In 1956 he created the illustrations for the Disney book ‘Our Friend the Atom’.
He spent time in the Disney commercials unit as a background painter and also worked in Ward Kimball’s unit for the Man in Space series and Magic Highway USA.
Rupp was moved off production to work on the new theme park, Disneyland, and is credited with designing the Snow White shuttle bus which ran from Los Angeles to Anaheim, logos, popcorn boxes and cups used throughout the park and selecting costumes for the Jungle Cruise, Canal Boats and Frontierland. Jacques went on to become something of an immortal in the Disney pantheon, designing and hand-lettering the Park’s original gothic logo for the classic Disneyland logo in 1955 as well as the opening titles for the Disneyland TV show featuring Tinkerbell and Sleeping Beauty’s castle.
Jacques probably left Disney during its mass layoff in the late 50s and arrived at UPA (United Productions of America) in time to design the title sequence and promotional materials for the Magoo feature, 1001 Arabian Nights. When that picture finished, he went on to do television commercials for one of the many animation production houses in Los Angeles, Animation, Inc.
I wonder how many contemporary artists have been inspired by this wonderful Pirate ship ?
Many artists working in animation during the early 60s have recounted how difficult the job market was at the time and artists often found themselves hopping from studio to studio picking up work wherever they could. Rupp was no exception and finally landed at Hanna Barbera as a layout artist working on The Flintstones, Hey There, It’s Yogi Bear!, Ricochet Rabbit, Punkin’ Puss and early development on The Jetsons. When that job ended, he found himself doing animated titles for Pacific Title before coming back to UPA for The Famous Adventures of Mr. Magoo.
By 1972 he had become a full-time staff artist. Besides illustrating sports, news and feature stories, he hand-lettered The Times’ masthead that debuted March 6, 1976, the first day that The Times published a morning edition on Saturdays. The masthead adorned the top of the front page until the newspaper’s 1997 redesign.
His artwork earned several awards from industry groups. Notable was a 1976 Sunday-magazine cover illustrating an inside article on capital punishment: a noose dangling from a question mark.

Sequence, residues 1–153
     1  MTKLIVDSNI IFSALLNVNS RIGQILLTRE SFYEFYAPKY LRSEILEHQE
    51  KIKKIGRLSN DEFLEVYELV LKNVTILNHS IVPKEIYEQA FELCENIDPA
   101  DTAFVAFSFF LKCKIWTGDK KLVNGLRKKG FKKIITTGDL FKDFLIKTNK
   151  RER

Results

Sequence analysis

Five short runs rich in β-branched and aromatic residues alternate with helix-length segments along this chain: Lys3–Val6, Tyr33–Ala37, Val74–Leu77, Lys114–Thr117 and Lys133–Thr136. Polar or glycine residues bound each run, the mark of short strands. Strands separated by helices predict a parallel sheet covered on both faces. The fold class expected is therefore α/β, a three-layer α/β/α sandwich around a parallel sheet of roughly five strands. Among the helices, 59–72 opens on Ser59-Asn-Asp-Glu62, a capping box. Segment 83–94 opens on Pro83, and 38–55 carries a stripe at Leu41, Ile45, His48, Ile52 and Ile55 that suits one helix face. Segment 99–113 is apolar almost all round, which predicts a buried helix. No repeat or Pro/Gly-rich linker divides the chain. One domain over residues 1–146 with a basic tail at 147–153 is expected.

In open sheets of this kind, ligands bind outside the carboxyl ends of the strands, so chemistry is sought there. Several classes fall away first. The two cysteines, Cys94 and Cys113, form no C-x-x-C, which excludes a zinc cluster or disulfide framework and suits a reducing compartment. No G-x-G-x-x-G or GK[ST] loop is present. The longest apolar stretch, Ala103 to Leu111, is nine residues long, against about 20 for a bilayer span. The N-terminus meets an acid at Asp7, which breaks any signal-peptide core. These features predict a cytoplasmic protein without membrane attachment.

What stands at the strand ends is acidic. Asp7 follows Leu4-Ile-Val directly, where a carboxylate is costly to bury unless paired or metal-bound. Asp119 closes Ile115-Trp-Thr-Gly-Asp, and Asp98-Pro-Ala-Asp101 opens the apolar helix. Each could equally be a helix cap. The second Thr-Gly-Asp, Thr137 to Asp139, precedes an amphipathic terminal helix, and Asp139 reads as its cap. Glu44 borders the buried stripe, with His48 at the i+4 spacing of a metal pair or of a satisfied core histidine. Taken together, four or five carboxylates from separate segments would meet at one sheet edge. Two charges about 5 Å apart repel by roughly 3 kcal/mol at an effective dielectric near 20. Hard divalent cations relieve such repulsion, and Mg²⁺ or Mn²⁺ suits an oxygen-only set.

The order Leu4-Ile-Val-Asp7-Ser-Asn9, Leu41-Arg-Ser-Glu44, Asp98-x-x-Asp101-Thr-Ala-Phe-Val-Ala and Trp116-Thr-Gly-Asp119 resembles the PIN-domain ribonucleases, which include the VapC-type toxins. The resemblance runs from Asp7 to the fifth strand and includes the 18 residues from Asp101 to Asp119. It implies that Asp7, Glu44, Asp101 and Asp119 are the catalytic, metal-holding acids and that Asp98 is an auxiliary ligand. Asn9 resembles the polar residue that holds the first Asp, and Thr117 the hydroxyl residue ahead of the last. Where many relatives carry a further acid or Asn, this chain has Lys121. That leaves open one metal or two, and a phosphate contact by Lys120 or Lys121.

“He was such a gentle person (and) an artist in every aspect of his humanity and personality,” said Times Executive Editor Michael Fancher. “He was very unassuming about his talent. He was always surprised when someone wanted a copy of his work. To him, it was just what he did.”
“He was a colorful, original character and turned out colorful, original art,” said former Times artist Steve McKinstry. “His cartoons had so much life, they just about jumped off the page.”
The work of Joey Chou appears to be a firm favourite with the readers of Fishinkblog. It’s easy to see why…
Whether it’s his work with Super heroes…
Robots, X-men / Flashmen…
or just reminiscing with some old favourites like Spiderman and Wonder Woman, he seems to capture our imaginations again and again.
He appears to be that modern day link to a Golden Book era of Disney-esque illustration days.
His work is friendly, accessible and decorative.
His imagination and colour palette spills out onto the page.
Some old faces here too.
Some old, some gone… but not forgotten.
Every now and then he still finds time to have a sale of his hand painted work too.
Collage and gouache together. I love the sunny park view of the guy with his dog below, a perfect touch of the sixties, but with a modern twist.
He’s got it all , even a nod to the late Mary Blair ! No wonder we love his illustrations so much.
You can find more of Joey’s work over on his Tumblr account here.
Keep up the great work Joey.